With the entire Brexit situation in turmoil, organisations will (or should) be starting to plan for every eventuality, including a no deal (and no transition) exit. There are various ways that Brexit will affect data protection practices in the UK. While attention is often focused on cross-border data flows, organisations should also be considering the impact of Brexit on their participation in the one stop shop, as well as the location of their lead Supervisory Authority (Lead SA) and Data Protection Officers (DPOs).
Quick recap on 'one stop shop principle' and Lead SAs
One of the GDPR's aims was to reduce the regulatory burden on businesses processing personal data in more than one EU Member State. It introduced the principle of a 'one stop shop' which allows organisations whose processing of personal data substantially affects or is likely to substantially affect data subjects in more than one Member State to nominate a Lead SA in the Member State of their main establishment. Ordinarily (but not always) this will be the place of its central administration. (See our article for more on what this means in practice).
While having a Lead SA means that controllers only need to deal with a single regulator, national SAs remain competent to investigate and enforce data protection law if a complaint is directed to them, or if there is an infringement within their Member State or which substantially affects only data subjects located within it.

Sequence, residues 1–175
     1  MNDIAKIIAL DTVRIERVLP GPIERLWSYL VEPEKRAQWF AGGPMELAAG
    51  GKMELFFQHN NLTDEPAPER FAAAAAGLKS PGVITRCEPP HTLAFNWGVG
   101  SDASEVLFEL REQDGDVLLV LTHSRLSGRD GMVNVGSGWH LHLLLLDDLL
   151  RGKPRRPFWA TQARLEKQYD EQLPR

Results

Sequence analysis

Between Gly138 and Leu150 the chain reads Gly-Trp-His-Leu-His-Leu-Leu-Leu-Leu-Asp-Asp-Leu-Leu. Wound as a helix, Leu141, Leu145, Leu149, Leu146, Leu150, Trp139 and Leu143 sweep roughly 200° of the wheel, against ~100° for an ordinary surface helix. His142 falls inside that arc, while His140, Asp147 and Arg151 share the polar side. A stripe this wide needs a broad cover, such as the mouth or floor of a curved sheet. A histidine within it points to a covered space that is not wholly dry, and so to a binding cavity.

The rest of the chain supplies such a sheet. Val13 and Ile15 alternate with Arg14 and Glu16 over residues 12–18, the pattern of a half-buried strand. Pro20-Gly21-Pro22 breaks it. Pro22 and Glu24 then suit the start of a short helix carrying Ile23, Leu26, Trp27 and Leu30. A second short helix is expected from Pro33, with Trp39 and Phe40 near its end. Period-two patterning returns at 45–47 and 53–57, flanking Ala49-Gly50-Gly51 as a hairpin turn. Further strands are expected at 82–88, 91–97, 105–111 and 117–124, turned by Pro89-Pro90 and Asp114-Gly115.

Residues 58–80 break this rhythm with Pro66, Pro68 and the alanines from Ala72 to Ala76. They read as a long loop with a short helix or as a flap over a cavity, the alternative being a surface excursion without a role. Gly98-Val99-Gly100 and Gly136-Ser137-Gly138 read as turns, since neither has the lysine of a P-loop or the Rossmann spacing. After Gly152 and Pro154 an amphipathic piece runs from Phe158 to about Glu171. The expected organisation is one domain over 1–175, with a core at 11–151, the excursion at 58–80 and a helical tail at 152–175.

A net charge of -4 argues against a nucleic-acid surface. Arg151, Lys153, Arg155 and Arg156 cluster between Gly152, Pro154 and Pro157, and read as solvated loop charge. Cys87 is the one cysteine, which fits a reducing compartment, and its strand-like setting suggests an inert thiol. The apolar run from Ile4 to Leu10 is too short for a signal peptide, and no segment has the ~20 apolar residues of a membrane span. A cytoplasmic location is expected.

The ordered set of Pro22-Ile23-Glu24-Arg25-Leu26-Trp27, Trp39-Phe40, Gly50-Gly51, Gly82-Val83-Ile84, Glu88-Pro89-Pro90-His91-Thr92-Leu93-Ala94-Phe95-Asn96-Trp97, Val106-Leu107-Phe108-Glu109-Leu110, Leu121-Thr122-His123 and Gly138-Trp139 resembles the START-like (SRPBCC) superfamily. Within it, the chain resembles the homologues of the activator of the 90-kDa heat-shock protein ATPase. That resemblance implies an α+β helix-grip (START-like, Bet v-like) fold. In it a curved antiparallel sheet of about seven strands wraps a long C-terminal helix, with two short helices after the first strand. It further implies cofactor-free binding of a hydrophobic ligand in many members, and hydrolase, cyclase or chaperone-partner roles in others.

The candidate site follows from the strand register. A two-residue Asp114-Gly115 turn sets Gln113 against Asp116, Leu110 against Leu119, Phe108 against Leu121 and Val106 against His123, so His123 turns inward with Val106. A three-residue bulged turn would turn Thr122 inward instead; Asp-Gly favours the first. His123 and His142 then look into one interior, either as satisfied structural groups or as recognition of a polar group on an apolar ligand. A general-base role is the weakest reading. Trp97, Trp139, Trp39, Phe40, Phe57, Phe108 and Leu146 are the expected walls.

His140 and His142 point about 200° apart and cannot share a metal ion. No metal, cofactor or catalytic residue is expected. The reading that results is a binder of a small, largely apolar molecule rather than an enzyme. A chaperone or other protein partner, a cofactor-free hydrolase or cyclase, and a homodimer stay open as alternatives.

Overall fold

Could the ICO still be your Lead SA after Brexit?
When the UK exits the EU on 29 March (at the earliest), the Information Commissioner's Office (ICO) will no longer be an SA for GDPR purposes and will not participate in the one stop shop mechanism or the consistency and cooperation procedure unless there is a withdrawal agreement and we enter into a transition period. If that happens, the issue of the Lead SA will become relevant at the end of transition. The ICO will also lose its power to be the Lead SA for approving BCRs. It is possible that a future deal might change that but for now, it is important for cross-border businesses which have the ICO as their Lead SA to review this, so that any potential issues are headed off before Brexit.